Kara flushed at her sister’s pinpoint accuracy—and the knowing grin on her face.
“I don’t know what the deal is with this Diane woman,” Laurel volunteered, “but I’d be careful about taking her at her word too easily. Talk to Eli. Ask him flat-out whether or not he’s having an affair with her behind your back.” Her lips twisted in distaste. “While you’re at it, ask if he was seeing her behind my back, just because I’m curious. If he was—and is—then he’s just about the biggest jerk on the face of the earth, and I think we should hire a mercenary to take him into the jungle, stake him spread-eagle to the ground, and leave him as fresh meat for the big cats and flesh-eating ants.”
The image made Kara chuckle, even though she would never actually want to see Eli subjected to such an act. Then again, if he was a cheating, two-timing S.O.B., he probably deserved much worse.
“But, really, ask him first,” Laurel suggested again. “Give him a chance to defend himself–or come clean, if need be. I’d hate to see you miss out on something phenomenal—” She winked, tossing Kara’s own descriptive term back in her face. “—over little more than a misunderstanding . . . or a third-party troublemaker up to no good.”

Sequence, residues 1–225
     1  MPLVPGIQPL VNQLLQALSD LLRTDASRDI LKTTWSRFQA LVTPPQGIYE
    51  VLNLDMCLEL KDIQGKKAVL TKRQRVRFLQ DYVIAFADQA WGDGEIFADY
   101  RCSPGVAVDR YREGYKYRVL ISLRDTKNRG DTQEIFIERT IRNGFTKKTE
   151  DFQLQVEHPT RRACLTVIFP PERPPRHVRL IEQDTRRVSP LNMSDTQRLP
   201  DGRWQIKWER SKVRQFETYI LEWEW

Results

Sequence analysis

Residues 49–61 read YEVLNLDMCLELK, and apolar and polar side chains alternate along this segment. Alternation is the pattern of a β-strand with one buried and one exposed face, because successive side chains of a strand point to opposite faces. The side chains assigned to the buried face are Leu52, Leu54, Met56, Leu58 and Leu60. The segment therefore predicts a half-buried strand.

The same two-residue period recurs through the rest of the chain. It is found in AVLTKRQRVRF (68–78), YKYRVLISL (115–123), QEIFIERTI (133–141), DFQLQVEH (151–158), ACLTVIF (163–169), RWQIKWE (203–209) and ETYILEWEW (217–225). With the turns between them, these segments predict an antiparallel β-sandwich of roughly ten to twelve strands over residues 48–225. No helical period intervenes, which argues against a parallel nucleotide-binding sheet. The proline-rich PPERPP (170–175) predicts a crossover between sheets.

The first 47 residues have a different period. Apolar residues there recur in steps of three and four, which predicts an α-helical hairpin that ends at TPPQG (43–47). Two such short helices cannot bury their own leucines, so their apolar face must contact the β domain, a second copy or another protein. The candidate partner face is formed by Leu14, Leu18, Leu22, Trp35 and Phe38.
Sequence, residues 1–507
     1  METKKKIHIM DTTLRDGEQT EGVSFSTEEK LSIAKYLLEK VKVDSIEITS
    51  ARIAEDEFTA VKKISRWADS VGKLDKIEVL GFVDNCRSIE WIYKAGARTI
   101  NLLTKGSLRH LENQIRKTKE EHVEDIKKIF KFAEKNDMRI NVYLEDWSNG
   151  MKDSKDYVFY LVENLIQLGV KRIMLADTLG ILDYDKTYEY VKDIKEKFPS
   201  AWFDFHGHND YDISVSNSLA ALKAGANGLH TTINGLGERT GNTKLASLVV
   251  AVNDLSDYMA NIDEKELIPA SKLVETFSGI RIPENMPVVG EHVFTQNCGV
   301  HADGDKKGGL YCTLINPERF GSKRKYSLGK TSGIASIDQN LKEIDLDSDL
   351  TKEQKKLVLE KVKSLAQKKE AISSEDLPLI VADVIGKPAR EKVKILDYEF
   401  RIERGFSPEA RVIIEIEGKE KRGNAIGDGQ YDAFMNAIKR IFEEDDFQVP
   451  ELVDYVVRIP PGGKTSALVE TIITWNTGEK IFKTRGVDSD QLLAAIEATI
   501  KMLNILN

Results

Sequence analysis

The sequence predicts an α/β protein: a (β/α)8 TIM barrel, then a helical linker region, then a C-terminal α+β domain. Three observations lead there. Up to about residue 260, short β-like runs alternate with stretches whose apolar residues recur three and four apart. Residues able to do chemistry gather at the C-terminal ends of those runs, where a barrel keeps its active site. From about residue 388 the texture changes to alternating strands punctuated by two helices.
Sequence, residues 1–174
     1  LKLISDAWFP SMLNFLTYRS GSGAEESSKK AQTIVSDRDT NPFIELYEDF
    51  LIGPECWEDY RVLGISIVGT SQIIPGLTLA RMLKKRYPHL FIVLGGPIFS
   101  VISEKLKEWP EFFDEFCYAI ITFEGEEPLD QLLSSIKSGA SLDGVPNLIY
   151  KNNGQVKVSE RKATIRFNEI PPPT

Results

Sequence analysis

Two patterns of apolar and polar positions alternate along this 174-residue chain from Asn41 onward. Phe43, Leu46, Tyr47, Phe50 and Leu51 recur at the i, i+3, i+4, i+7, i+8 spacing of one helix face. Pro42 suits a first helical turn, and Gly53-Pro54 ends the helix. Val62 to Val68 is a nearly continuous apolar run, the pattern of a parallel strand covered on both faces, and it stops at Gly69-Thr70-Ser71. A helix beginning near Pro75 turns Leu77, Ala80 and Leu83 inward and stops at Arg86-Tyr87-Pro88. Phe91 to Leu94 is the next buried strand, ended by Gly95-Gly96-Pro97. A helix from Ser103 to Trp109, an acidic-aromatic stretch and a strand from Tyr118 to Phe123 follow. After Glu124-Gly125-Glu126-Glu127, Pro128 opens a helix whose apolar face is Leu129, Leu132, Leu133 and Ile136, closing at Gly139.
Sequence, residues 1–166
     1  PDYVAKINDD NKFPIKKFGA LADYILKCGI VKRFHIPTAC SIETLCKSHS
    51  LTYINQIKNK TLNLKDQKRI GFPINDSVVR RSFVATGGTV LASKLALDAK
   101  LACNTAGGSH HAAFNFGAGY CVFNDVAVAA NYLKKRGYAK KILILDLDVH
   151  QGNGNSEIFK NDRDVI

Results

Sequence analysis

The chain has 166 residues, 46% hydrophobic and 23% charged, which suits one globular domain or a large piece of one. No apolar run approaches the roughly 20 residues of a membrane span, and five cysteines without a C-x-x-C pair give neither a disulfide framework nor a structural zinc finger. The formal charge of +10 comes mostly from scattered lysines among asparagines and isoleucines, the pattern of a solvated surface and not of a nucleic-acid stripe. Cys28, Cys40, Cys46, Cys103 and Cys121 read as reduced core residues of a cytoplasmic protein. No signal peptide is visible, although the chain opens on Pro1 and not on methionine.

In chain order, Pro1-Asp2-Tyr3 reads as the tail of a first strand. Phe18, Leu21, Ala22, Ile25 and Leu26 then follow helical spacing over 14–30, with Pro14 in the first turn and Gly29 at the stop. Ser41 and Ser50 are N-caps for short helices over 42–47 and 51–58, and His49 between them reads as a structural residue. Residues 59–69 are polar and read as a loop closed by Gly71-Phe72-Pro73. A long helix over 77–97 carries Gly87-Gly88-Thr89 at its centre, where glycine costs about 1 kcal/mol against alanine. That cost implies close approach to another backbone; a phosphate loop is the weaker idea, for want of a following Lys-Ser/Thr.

Propping her elbow on the table, Kara blew out a breath and rested her chin in the cradle of her hand. “When did you get so dang smart?” she asked her sister, slightly annoyed that she suddenly felt like she deserved to sit in the corner with a Dunce cap on her head.
Laurel chuckled, reaching for the final bite of her muffin and popping it into her mouth. “I’ve always been this smart, you just never noticed before because you didn’t want to admit your older sister might actually be able to teach you something about life.”
They both knew that wasn’t entirely true, but if Laurel wanted to gloat, Kara was more than happy to let her. This time, at least.
“Well, you’ve taught me something today,” Kara told her. “Thank you.”
With a wide smile—the first she’d really felt and let slip out since she’d returned from Ocean Breezes—Kara leaned over and hugged her sister tight.
“Give me a little more time,” she said just above her sister’s ear. “Maybe I still will.”